More and more educators are falling out of love with self-esteem. Years of experience have taught them that empty praise does not enhance performance. It detracts from it.
None will admit that they are following in the footsteps of the Tiger Mom, but they are.
The Washington Post reports: “For decades, the prevailing wisdom in education was that high self-esteem would lead to high achievement. The theory led to an avalanche of daily affirmations, awards ceremonies and attendance certificates — but few, if any, academic gains.
“Now, an increasing number of teachers are weaning themselves from what some call empty praise. Drawing on psychology and brain research, these educators aim to articulate a more precise, and scientific, vocabulary for praise that will push children to work through mistakes and take on more challenging assignments.”
Happily, this new trend also aims at building character by inculcating better values: “A growing body of research over three decades shows that easy, unearned praise does not help students but instead interferes with significant learning opportunities. As schools ratchet up academic standards for all students, new buzzwords are ‘persistence,’ ‘risk-taking’ and ‘resilience’ — each implying more sweat and strain than fuzzy, warm feelings.”
It’s a good day when therapy culture values are being overthrown in America’s schools.
The cultural transformation has been fueled by the free market. Increasingly, parents and teachers are seeing that American children are falling behind children from other countries.
Self-esteemism has been reality-tested. Now, more and more people are seeing that it has failed.
The Post writes: “Underlying the praise backlash is a hard seed of anxiety — a sense that American students are not working hard enough to compete with students from overseas for future jobs.”
Empty praise is a lie. Young children will accept it uncritically but adolescents know that it is patronizing. They know when they are being lied to.
Moreover, if you are being told that you are great when you aren’t, why bother to strive to do better. Worse yet, if you know that you are being lied to you will be less likely to take a risk that might show the world the truth.
We must, however, temper our optimism. Today, one of the major recipients of empty praise, a veritable monster of high self-esteem, is residing at 1600 Pennsylvania Avenue.
He will be there for at least another year, and, perhaps even for four more years. If that does not cause you to temper your optimism, nothing will.
This morning Newsweek reminded us how far Barack Obama has gotten on empty praise. Apparently desperate to create buzz, the newsweekly published a cover story in which Andrew Sullivan showering Barack Obama with empty praise.
Sullivan does not think the praise is empty, but, in truth, his article is more campaign literature than serious essay. It has no place on the cover of a so-called news magazine.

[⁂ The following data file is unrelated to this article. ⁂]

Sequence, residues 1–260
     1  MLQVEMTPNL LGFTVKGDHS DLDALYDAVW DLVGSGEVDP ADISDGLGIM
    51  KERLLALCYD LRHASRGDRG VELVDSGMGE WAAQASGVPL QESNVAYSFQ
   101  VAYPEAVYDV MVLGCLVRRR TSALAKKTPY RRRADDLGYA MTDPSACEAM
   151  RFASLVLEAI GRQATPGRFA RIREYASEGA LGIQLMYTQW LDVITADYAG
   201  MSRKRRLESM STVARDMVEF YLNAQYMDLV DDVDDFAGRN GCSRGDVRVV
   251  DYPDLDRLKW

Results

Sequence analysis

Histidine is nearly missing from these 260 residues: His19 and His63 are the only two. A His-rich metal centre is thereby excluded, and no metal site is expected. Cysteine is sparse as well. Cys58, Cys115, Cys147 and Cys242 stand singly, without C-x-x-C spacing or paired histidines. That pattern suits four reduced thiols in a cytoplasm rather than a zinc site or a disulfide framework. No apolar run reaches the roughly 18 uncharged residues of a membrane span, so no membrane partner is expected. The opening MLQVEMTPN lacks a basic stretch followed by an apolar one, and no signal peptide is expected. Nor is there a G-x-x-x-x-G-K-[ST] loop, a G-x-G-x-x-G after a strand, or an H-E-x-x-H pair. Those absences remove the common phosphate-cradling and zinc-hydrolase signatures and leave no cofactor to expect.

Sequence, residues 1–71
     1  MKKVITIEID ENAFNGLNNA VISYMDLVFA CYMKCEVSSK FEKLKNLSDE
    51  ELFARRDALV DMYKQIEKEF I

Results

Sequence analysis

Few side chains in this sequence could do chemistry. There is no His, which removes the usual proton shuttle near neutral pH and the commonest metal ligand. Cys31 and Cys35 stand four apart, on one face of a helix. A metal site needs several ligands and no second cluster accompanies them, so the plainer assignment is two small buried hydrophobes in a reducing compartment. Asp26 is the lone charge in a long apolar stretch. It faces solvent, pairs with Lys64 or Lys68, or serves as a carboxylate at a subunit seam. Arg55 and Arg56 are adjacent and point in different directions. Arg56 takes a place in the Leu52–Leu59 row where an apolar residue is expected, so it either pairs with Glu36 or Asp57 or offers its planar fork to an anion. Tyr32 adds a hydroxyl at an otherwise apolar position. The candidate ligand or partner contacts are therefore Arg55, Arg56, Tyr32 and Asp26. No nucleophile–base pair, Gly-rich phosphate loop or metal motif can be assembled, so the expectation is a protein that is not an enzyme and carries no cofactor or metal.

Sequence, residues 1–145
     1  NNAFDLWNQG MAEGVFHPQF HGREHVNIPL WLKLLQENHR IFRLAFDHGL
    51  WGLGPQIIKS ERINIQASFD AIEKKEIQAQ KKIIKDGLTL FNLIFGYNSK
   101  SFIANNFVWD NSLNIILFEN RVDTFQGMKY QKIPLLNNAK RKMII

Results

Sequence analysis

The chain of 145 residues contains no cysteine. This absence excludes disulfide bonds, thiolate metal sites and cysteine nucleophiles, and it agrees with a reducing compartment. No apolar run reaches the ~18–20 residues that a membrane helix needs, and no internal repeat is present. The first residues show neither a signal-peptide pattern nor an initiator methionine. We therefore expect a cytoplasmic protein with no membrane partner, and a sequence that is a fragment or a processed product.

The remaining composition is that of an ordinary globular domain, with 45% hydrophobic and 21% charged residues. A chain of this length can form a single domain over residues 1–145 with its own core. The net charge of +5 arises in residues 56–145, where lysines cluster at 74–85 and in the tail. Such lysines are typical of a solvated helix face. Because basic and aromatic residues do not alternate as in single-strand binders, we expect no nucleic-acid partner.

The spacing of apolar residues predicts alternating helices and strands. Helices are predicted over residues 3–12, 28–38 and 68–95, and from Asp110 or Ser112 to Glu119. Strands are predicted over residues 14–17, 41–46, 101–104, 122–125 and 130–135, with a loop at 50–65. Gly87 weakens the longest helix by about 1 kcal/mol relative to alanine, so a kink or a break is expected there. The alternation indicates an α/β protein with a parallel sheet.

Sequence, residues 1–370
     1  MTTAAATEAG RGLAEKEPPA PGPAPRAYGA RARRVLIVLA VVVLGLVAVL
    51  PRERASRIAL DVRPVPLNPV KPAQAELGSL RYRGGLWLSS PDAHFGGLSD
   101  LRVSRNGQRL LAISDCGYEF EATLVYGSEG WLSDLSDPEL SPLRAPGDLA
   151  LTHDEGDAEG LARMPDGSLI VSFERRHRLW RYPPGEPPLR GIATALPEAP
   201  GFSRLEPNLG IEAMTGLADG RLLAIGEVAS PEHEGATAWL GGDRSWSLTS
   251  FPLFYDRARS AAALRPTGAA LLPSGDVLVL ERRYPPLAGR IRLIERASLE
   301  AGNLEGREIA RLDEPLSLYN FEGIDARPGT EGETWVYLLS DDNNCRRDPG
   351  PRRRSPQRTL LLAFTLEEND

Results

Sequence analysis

In many ways Barack Obama is the product of a culture that tried to run on empty praise. He was elected president on the grounds that he was too smart to have ever accomplished anything.
Now, after three years of watching Obama flounder in his job and do everything in his power to divide the American people, most of his supporters have come to their senses and offered their mea culpas.
You do not need exceptional intelligence to see that the Obama administration has failed. You do need a modicum of integrity.
Having long since overdosed on therapy, Sullivan has none left. So, he falls back on his love for Obama.
Only someone who has been blinded by love could claim that Obama’s failures are successes, that his inadequacies are tactical, and that he is smarter than everyone else.
In order to support his claim that Obama is smart, Sullivan is obliged to claim that all of Obama’s critics are “dumb.”
Inadvertently, Sullivan is revealing one of the more appalling consequences of the self-esteem, i.e. empty praise, movement.
When you praise mediocrity, what happens when you encounter true intelligence? Sullivan shows us that you will need to dismiss it, disparage it, or demean it.
The victims of the self-esteem movement have been those children who really are exceptional.
Take a classroom. If everyone is called brilliant or if everyone’s answers are declared to be insightful, regardless of whether they are right or wrong, the child who is truly brilliant will decide that working hard is not worth the trouble.
If his effort or his talent is not recognized, why bother.
When teachers fail to differentiate between brilliance and mediocrity they are demoralizing those children who have real brilliance.
In addition, a teacher who wants to raise the self-esteem of mediocre children might well be led to demean the achievements of the bright children.
If a teacher knows that Johnny will always have the right answer, she might decide not to call on Johnny. She might keep calling on Jimmy even though Jimmy rarely has the right answer. She might even make it her mission to praise Jimmy regardless of whether his answer is right or wrong.
Clearly, the tactic will tell Johnny that he is being punished for being smarter. He will figure out that having the right answer is wrong because it makes Jimmy feel bad for being a dolt.
The self-esteem movement punishes people harshly for making others feel bad.
The teacher might believe that she is leveling the playing field and producing greater classroom equality. She will, in fact, be victimizing the children who have true talent, teaching them that the system is rigged against them. .
If you want to make Obama look smart, you can skew the evidence, as Sullivan does. But you also need to label all of his critics as dumb, because if you compared his intelligence to theirs, his would not withstand judgment.